New Tray for Fischertechnik Computing Box

My weekend’s entertainment was making this wooden tray to hold the parts from an Apple ][ era engineering construction toy.

Since the mid 1960s, Fischertechnik has been making building blocks that slide together using dovetail pegs and slots, which is sturdier than the friction-fit of original-style Legos. I heard about them in 1991 and bought a Profi Sensoric set -- sensors, a motor, and enough blocks to build real projects with them. I've just dug out the set and resumed building with it, and I've been picking up a few vintage sets on eBay.

The Computing set has an I/O module with parallel-port interface to IBM PC XT, Apple ][, and Commodore 64 -- and now an Arduino library thanks to Jac Goudsmit. I bought a package containing two of the I/O modules and a mix of parts (more than one set, less than two), and it came with one original slipcover and no parts tray.

I really wanted a parts tray and I figured it was an opportunity to make one out of wood. Later Fischertechnik sets have vacu-formed plastic trays; but out of a desire to create misplaced nostalgia, I went for more of an antique Erector-set look. I planned to use 1/4″ plywood for the base and walls and thicker tray ends to keep the slipcover ends from slipping past the narrow walls and caving in.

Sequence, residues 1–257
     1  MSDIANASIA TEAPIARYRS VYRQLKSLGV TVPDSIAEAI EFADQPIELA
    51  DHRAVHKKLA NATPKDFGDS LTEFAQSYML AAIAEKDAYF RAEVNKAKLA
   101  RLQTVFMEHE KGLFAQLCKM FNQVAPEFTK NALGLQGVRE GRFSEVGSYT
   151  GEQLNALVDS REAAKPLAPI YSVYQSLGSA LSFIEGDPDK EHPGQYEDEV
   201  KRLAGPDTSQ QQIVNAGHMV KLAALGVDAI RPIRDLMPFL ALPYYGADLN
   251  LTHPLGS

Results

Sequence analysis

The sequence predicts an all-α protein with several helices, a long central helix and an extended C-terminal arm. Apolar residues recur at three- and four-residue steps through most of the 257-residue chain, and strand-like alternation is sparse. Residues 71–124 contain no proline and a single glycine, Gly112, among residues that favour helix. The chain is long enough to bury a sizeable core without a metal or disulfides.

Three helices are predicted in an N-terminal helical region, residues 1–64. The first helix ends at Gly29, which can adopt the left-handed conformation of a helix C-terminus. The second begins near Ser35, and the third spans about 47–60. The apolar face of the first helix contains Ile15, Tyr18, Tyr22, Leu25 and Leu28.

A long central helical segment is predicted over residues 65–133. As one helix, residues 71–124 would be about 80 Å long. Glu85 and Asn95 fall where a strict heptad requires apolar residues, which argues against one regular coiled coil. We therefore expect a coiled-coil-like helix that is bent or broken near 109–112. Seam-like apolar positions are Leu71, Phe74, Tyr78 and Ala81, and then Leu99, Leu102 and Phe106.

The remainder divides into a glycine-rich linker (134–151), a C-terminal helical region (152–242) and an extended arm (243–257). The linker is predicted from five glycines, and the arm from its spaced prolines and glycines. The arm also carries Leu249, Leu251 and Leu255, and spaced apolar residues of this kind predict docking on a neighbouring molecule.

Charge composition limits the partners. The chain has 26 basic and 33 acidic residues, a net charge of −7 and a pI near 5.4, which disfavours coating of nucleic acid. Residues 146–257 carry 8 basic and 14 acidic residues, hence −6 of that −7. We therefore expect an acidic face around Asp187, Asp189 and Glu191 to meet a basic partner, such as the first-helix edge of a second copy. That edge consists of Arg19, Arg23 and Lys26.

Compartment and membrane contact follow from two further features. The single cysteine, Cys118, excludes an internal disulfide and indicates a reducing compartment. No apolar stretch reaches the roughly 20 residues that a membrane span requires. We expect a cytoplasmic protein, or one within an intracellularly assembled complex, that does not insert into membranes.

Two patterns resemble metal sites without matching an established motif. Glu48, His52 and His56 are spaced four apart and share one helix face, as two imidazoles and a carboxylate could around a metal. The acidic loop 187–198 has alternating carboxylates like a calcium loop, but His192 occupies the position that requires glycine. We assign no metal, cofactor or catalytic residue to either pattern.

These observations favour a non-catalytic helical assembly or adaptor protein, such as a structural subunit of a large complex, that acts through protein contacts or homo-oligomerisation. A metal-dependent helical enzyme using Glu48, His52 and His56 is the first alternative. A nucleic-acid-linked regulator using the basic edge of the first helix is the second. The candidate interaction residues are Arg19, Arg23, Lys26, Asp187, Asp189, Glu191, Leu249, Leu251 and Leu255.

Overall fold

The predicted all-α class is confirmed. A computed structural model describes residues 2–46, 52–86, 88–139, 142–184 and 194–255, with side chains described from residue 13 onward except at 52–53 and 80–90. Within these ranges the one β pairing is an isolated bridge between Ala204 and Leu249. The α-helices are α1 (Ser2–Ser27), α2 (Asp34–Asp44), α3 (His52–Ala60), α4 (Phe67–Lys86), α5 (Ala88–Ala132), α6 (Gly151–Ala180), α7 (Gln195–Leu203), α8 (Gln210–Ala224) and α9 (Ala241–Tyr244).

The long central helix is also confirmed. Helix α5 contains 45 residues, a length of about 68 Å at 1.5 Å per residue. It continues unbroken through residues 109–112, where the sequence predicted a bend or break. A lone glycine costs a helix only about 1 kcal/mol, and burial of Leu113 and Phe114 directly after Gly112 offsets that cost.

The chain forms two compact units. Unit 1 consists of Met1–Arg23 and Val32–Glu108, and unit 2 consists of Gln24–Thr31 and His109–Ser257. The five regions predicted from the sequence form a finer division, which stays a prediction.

After sorting the parts, I laid them out and developed a plausible arrangement that fit within the profile of the box, which apparently I didn’t photograph. My loss, because this would be the perfect place for another photo.

I then cut a 1×6 to length and width, test-fit it in the ends of the box, and rabbeted its ends and lower edge for the thickness of the plywood. I cut a base to fit and glued and pin-nailed it in place (to save clamping while the glue dried), then cut the long front and back edges and did the same.

After that, I cut and installed partitions, notching the ones on the left to hold the baseplate and instruction/assembly guides. I want to add a couple more partitions yet, but I’m already happy with the result. It fits nicely in the slipcover and the whole thing is now sturdy enough to stack with the other kits.

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